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Author Topic: The Magi (Wise Men) in OO Tradition  (Read 3005 times) Average Rating: 0
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Shanghaiski
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« on: November 29, 2012, 02:58:22 PM »

I've been doing research on the Magi or Wise Men online and most of it is from a Western (and late Medieval) perspective. I am looking for information from an Oriental Orthodox (and Eastern Orthodox) perspective. I'd be interested in images, quotes from your saints' lives, comemmoration dates, and traditions. Thanks!
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« Reply #1 on: November 29, 2012, 05:27:59 PM »

Maybe this is obvious to you but I found stuff quickly with this search in google:

Code:
(eastern OR oriental) orthodox (magi OR "wise men")

You might want to include another OR with kings.

Not sure how far you got.

Good luck.
« Last Edit: November 29, 2012, 05:28:21 PM by orthonorm » Logged

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Salpy
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« Reply #2 on: November 29, 2012, 09:27:45 PM »

From a 13th century Armenian illuminated manuscript:





From the sixth or seventh century:




http://armenianstudies.csufresno.edu/arts_of_armenia/miniatures.htm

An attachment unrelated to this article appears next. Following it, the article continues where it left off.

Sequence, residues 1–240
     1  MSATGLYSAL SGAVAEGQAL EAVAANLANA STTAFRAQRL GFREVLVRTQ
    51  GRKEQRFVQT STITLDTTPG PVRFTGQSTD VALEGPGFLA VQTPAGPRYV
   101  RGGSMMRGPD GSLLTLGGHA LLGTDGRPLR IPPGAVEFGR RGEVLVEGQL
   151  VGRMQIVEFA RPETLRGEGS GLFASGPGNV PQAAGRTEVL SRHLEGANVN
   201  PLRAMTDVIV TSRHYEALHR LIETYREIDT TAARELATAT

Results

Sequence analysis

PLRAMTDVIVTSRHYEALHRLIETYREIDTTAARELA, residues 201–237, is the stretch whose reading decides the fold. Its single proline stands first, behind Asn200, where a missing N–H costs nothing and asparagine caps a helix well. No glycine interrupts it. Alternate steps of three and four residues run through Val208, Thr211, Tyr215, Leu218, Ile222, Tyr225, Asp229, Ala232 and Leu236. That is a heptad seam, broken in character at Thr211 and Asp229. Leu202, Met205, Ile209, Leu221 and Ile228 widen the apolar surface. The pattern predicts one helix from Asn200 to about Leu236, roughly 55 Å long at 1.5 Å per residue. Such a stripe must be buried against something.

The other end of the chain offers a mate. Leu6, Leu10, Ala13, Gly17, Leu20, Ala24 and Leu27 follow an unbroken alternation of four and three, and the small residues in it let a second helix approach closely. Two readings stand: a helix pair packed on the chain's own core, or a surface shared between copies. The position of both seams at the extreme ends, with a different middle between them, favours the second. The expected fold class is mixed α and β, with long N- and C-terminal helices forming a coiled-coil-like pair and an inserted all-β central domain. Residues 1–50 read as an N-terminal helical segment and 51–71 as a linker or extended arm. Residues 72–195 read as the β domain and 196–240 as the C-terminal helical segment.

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Shanghaiski
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« Reply #3 on: November 29, 2012, 09:49:27 PM »

Thank you, Salpy. I hadn't seen the top image.

Are there any Armenian prayers or commemorations or traditions associated with the Magi? Were Armenians (at least a significant portion) Zoroastrian prior to conversion, as many of the Georgians were?

Are the Magi commemorated in the Armenian Church on Nativity as in the Byzantine churches, or do they have another date of commemoration?
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« Reply #4 on: November 30, 2012, 12:09:13 AM »

I've heard that the Magi are commemorated on the same day as the Nativity (Jan. 6.)  However, I've never seen it on a calendar, so I can't confirm this for sure.  The big thing that happens on the Nativity is the commemoration of the Baptism of Christ, which involves the blessing of water.  That kind of overshadows everything else.  Perhaps Aram would know more about whether this is also the feast day of the Magi.

I wouldn't be surprised if there are prayers or hymns about the Magi, but I don't have the know-how to really dig them up.  Again, maybe Aram would be able to help here.

Yes, the Armenians were Zoroastrians prior to Christianity.  Specifically, the Armenians belonged to a kind of Zoroastrianism called Zrvanism.  The priests were magi. ("Mok" in Armenian.)

In terms of stories, I've heard that one of the Magi, Gaspar, reposed in Armenia.  This story, written up by Archdeacon George Leylegian, may be of interest to you:

http://www.armenianweekly.com/2012/01/06/a-story-about-the-magi-in-armenia/
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« Reply #5 on: November 30, 2012, 01:00:39 AM »

Thanks again. Hopefully, we will keep getting more information. Smiley
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« Reply #6 on: November 30, 2012, 08:32:59 AM »

There is "The Magi in Syriac Tradition" by Witold Witakowski but it looks like it isn't available for free online. Same person has also written one "in Ethiopia Tradition".

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« Reply #7 on: November 30, 2012, 08:54:51 AM »

Ethiopian Orthodox Icons:











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« Reply #8 on: November 30, 2012, 09:31:46 AM »

A Coptic icon


I'm attaching also a Syriac icon